In this interview with the Piedmont Exedra, I talk a little more about my history and stances. Read on to find out more! Or, view the full article at the Exedra site here.
What inspires you to run for office?
I believe in public education and feel strongly about serving our community. I have held many volunteer positions in this community and I have also worked as a substitute teacher. I believe that this year is a defining moment for all of our institutions, especially education. If elected, I will work collaboratively with our community, teachers, administrators, and parents to find solutions to today’s unique challenges. Our response will require open-mindedness and innovation. We all want to see our children thrive, and so we must re-imagine how we teach them and keep them safe.
What are your qualifications to be on the School Board? Any special skills or experience the voters should know about?
I am in a unique position because I can represent many different groups of our community. I am a parent of two recent Piedmont grads and understand what it means to send a student through our K-12 system. I am a volunteer and have focused most of my time on working with our school community. I was part of the PMS Block Schedule Task Force and I served as parent club president through two new principal hires (at PMS and PHS). Additionally, I organized seven consecutive Walk Through Registrations and I served on the PHS Class of 2019 Senior Committee. Through all of my volunteering, I have spent a lot of time on our campuses and have great working relationships with the teachers, staff and administrators. In addition, I have a proven track record of raising money for our schools by co-chairing Spring Fling, The Giving Campaign and Measures G&H. Those fundraisers and parcel taxes have brought in over $10 million annually for our schools. I taught first grade and have also worked in the classrooms at PHS as a substitute teacher. I understand the many hats we ask our teachers to wear and I also have seen the incredible work that our teachers do on a daily basis. Now, as an empty nester and community member, I serve on the board of The Cancer League and am a provisional member of the Piedmont Garden Club. Being a part of these groups lends me the ability to understand each perspective and help us all work collaboratively to ensure an excellent educational experience for all students.
What do you see as the most challenging issues currently facing the school district?
I think most people would agree that re-opening our schools safely and effectively is going to be the most significant challenge our district has ever faced. We have weathered many storms in our community and I think it is incumbent on all stakeholders to come together in this moment to find a solution. I am very aware of the anxiety and fear that constrain our decisions, but we must continue to move forward with action. If we can acknowledge that there may not be a perfect solution for quite some time, then we can work on finding a solution that provides some relief in this most challenging of times. Beyond that, I think that our children’s social and emotional well-being must be addressed. Social-Emotional Learning (SEL) is just as critical as academic and cognitive learning; no child can learn when they are struggling with empathy, motivation or self-esteem. While many students are having success with online learning, all of our students are missing the personal interaction of being in the classroom with their peers and teachers — most especially our young learners. It is imperative that we find a way back into the classroom.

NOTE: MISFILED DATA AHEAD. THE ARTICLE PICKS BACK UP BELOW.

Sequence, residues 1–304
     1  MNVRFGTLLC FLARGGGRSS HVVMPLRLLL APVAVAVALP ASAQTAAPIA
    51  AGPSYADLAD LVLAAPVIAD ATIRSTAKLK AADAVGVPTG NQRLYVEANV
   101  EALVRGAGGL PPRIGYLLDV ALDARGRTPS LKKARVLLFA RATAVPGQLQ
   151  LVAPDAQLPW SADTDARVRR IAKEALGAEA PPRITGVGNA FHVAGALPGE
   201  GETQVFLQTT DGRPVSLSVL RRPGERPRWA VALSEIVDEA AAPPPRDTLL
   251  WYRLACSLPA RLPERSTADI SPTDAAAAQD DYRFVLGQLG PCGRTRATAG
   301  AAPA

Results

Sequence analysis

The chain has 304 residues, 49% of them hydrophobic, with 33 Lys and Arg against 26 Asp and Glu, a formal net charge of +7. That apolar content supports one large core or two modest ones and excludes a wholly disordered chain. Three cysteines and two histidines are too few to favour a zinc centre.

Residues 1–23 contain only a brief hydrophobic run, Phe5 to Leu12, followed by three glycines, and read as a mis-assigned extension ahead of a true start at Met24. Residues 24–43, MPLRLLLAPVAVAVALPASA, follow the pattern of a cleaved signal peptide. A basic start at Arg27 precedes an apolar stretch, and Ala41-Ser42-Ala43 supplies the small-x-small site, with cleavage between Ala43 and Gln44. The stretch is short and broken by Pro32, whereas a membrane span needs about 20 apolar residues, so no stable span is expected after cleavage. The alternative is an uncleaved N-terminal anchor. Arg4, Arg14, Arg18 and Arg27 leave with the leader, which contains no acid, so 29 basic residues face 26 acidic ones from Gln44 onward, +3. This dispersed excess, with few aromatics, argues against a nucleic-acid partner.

What do you see as strengths of the Piedmont schools?
Our schools are regularly cited as the reason Piedmonters moved here. Our reputation for offering students an excellent education is well known. We have amazing teachers and staff, many new and improved facilities and outstanding athletics and extracurricular programs. But above all of these things, I think what sets us apart from other schools and districts is our proven record of innovation. We were one of the very first districts in the state to adopt a one-to-one connected learning program, providing Chromebooks for each student. At the time, we were focused on ensuring our students would be receiving a 21st century education. Little did we know how critical that program would be in the Covid era. Our Wellness Center has become a model for other secondary schools, emphasizing that the social and emotional health of a student is critical to their education. The Piedmont Makers group was established to support and inspire all of our students through STEAM education. Their “Fab Lab” will be a highlight in our new STEAM building. Without the passing of Bond Measure H1 this would not have been possible. Our district’s forward thinking mindset will enable us to better address the challenges we face today.